The United States government has been granted permission to sell off hundreds of units of cryptocurrency seized by law enforcement from a man alleged to have sold counterfeit pharmaceuticals on the dark web.

The move to sell off the seized assets was approved by a federal judge in Utah after a recent filing from a U.S. attorney noted the volatility of cryptocurrency markets and said the confiscated coins may not hold their value in the long term.

According to the filing, the government seized just over 513 Bitcoin and 512 Bitcoin Cash. At the current market prices, those coins could yield nearly $10 million for the U.S. government, with just over $9 million coming from the Bitcoin and nearly $1 million coming from the Bitcoin Cash.

The coins were seized from a Utah man named Aaron Shamo, who was indicted in December 2016 for allegedly leading a multi-million dollar counterfeit pharmaceutical scheme. Shamo sold oxycodone and alprazolam, among other drugs, on dark web marketplaces.

According to the indictment filed against Shamo, he sold his product to thousands of people across the country and generated at least $2.8 million in sales in less than one year. When arrested, law enforcement discovered more than 500,000 pills and $1 million stored in large trash bags.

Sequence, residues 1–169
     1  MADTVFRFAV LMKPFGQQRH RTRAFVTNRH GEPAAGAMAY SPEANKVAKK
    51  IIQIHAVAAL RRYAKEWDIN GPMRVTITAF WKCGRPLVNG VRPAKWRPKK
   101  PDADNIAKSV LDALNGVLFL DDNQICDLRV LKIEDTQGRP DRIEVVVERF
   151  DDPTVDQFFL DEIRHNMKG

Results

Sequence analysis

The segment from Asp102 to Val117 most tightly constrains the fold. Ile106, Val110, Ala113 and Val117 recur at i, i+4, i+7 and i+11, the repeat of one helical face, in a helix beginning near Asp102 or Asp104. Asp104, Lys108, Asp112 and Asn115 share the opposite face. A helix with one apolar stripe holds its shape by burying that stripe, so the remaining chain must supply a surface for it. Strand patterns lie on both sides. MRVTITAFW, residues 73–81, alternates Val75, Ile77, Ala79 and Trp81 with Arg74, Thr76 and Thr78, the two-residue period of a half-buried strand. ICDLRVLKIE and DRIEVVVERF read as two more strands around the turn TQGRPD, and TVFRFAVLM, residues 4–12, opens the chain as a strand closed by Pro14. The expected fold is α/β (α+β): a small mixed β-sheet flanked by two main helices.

Shamo, who was named along with six co-conspirators and has been charged with 12 different counts of criminal activity, pleaded guilty to all charges but still had his assets—including the stash of cryptocurrency—seized by U.S. law enforcement. A 2011 Ford F-350 pickup and 2008 BMW 135i were also seized from Shamo.

U.S. law enforcement has transferred Shamo’s stash of cryptocurrency to digital wallets operated by the government. The coins were worth less than $500,000 at the time of their forfeiture.

“Due to the volatile market for cryptocurrencies, the BTC and BCH risk losing value during the pendency of the forfeiture hearings,” the prosecutors wrote in a recent filing advising the court to allow the government to sell the assets.

According to the Federal Rules of Civil Procedure, the government is granted the ability to sell any property alleged to be forfeitable before the final order of forfeiture if, among other reasons, the property is “perishable or at risk of deterioration, decay, or injury by being detained in custody pending the action,” or “the expense of keeping the property is excessive or is disproportionate to its fair market value.”

Given the wild fluctuations that occur in cryptocurrency markets, the cache of Bitcoin and Bitcoin Cash qualifies—at least according to U.S. District Judge Dale Kimball, who granted the government the ability to sell the currency on “one or more commercial cryptocurrency exchanges.” The sale will be the first of its kind for prosecutors in Utah.

Once the collection of seized cryptocurrencies are sold off, the profits generated from the sales will be held at the Treasury Executive Office for Asset Forfeiture.